Fear is a human limitation we force upon ourselves, not an act of natural instinct. Often times, fear is our only obstacle standing in the way, the sad part being that we are the ones who put it there. I am nowhere near fearless; in fact, I’m afraid of a lot of things. However, there had always been one fear holding me back from countless opportunities: my fear of singing in public.
This fear did not make sense compared to the rest of my personality. Acting is one of my favorite activities, and in that aspect of performance, I don’t have stage fright. I’m very loud, too, and not afraid to say what I think. I’ve been singing my entire life in school and church, but after all of those years and missed chances, there was never a solo. I had done singing auditions before, but I often let my nerves get the best of me, limiting myself in the process.
Once my friends and I started our small business, Enchanted Rose Entertainment, I knew I’d have to sing publicly. I wasn’t sure how I’d measure up to my experienced colleagues, but I was willing to try. After our first party, Chick-fil-a heard about us and booked us for their Princess Night. I was going to have to sing as Belle, in front of a crowded restaurant. Before I could even worry about how scared I would be, I had to pick a song. Immediately, I knew what I had to sing.
Ever since I had heard “Home” from the Broadway production of Beauty and the Beast, I hoped that one day, I could sing it. This goal seemed at first like a lost dream. How could I sing a song like that? I’d never have the guts or the range. Years later now, I was more experienced, and although I hadn’t tried it before, I had a few weeks to achieve this dream.
Every rehearsal with my mom was getting better and better. My Enchanted Rose partners, Holly and Olivia, were over for a meeting, so I figured I’d give my song a try. It didn’t go so well. I messed up a few times, and my voice wasn’t strong. I didn’t have any confidence. If I couldn’t sing in front of my best friends, how could I sing in front of a herd of strangers?
A few nights before the event, I was home alone and I knew I needed to practice the song, even though I was terrified to face it again. I got my instrumental recording ready, and paused for a minute. This time it had to be different. I could no longer bear to live in this constant state of fear. It was time to sing this song from my heart. I pressed play, and felt the rhythm of the piano notes. As I opened my mouth to sing, I heard my inner’s Belle’s voice, echoing her deepest emotions into my breath. By the end of the song, I had completely transformed into her.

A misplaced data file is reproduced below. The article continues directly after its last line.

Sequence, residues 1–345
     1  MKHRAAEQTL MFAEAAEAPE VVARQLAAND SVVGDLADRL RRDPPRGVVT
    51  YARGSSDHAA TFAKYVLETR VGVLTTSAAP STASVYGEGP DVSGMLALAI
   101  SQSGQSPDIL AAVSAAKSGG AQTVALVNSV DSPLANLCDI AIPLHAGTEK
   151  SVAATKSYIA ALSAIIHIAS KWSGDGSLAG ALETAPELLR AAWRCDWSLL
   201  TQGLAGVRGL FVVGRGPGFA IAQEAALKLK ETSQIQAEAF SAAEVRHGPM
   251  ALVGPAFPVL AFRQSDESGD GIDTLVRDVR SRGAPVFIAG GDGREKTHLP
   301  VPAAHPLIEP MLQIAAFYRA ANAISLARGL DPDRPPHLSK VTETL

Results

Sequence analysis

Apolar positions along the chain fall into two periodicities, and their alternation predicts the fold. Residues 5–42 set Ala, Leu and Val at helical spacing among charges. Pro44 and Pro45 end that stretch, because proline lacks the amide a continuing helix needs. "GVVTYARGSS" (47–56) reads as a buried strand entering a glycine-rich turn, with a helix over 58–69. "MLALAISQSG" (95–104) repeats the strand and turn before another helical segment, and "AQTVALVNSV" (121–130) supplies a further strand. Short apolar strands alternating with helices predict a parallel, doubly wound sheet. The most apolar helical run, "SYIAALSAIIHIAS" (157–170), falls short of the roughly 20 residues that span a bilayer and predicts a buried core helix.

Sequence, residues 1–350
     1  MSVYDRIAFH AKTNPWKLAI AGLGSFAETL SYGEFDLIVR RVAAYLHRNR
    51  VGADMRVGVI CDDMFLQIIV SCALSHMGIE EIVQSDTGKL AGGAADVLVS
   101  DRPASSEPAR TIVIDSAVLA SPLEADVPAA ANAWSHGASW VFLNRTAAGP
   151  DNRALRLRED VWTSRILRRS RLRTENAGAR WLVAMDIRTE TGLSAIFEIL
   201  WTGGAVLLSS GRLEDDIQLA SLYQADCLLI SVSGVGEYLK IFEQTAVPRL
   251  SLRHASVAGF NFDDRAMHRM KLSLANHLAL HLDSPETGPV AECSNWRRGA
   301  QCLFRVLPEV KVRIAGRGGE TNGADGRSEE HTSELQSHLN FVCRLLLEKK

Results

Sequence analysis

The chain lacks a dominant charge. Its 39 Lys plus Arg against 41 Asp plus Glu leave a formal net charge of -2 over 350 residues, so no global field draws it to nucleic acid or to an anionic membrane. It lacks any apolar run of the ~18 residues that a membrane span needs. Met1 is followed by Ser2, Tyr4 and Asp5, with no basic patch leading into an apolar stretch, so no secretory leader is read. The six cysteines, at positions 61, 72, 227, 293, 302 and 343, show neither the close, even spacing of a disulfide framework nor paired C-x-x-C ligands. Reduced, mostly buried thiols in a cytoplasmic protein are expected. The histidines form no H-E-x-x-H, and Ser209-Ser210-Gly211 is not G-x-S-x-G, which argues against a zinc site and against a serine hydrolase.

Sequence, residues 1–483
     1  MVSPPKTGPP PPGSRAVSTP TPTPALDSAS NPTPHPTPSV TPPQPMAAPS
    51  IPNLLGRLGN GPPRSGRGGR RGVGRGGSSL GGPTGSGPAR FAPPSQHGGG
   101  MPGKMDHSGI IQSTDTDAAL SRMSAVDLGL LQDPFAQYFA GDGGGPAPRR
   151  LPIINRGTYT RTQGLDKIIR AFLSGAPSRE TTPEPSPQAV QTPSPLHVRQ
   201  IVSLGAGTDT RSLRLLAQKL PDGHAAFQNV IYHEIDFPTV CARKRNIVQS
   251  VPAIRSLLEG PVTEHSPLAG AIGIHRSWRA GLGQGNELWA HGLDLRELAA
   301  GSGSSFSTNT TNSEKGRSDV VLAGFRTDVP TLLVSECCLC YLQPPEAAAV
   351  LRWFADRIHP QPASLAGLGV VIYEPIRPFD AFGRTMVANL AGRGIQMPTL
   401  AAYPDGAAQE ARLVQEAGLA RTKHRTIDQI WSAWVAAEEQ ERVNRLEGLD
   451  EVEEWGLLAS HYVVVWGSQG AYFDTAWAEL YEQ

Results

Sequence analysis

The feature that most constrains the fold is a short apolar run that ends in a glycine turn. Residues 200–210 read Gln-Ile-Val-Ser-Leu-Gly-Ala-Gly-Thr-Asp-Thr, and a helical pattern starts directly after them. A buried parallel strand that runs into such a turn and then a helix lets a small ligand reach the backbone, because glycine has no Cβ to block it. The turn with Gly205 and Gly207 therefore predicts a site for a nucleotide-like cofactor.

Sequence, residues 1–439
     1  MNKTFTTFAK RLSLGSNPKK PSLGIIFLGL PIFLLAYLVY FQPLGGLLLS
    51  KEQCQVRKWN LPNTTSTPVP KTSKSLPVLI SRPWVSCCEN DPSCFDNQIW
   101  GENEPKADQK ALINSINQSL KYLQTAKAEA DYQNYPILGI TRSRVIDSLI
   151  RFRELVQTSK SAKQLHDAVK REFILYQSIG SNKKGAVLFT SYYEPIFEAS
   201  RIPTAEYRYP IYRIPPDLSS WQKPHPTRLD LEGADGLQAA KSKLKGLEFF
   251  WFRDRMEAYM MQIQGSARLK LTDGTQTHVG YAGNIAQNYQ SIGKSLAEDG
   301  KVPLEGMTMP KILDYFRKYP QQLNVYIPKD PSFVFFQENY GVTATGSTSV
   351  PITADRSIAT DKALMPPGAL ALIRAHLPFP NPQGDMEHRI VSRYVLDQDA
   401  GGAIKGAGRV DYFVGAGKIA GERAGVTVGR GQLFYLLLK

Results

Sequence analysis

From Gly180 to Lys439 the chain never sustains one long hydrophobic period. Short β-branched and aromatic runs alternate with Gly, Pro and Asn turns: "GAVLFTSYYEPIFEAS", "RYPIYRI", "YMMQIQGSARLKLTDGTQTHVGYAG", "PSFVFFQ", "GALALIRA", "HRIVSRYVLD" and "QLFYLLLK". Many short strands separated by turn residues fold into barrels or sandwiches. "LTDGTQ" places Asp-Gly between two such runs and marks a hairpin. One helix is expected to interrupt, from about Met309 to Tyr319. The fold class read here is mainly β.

“Build higher walls around me, change every lock and key. Nothings lasts, nothing holds, all of me.”
This fear could no longer limit the power and passion I held within myself. I absolutely loved Belle- she was able to see beauty where others could not, she always stayed true to herself, and she experienced pure love. I could relate to her, as well. Books are always my escape, and sometimes I feel as though the people around me don’t understand me. Her songs have brought me to tears on countless occasions, almost as if Belle is inside of me, weeping for her old home or realizing that she had learned so much during the hardest period of her life.
I finished the song with a sweet silence, followed by a dramatic applause from the rainstorm outside. I could hear the tiny droplets cheering me on, urging me to do this. All it took was the courage to sing from my heart. It had been there all along.
At first, I wanted to end this story with that tender moment, but I realized that had I done so, I wouldn’t have actually completed the tale. I hadn’t officially faced my fear yet. The performance day came, and I was feeling good. There were little nerves, only excitement. We rehearsed and got ready, and before I knew it, we were there in full character. Many of my family and friends stopped by; support was all around me. (For anyone that came, thank you. Without all of you, I wouldn’t be able to accomplish any of this. I’m truly grateful for you all.) The children couldn’t have been sweeter, and I felt honored to bring a little extra magic into their imaginative minds. This was exactly what I lived for.
It was nearing my time to sing, and I heard a little girl say to her father, “I want Belle to sing!” If I hadn’t been in character, that request would’ve brought me to tears. I went over to the girl and said, “Hey, princess! I heard you want me to sing! I’d like to sing my song to you!” The music started and I got down to her height to sing her the story of how I gave up my freedom for my father’s. At first, it felt like it was only us, but as my song went on, the room increased. I was sharing my experience with the whole restaurant- no fear or nerves, just bare honesty. I was free,and just like Belle, I was starting a new chapter in my life, a chapter I knew would be worth the read.
Faith, Trust, and Pixie Dust,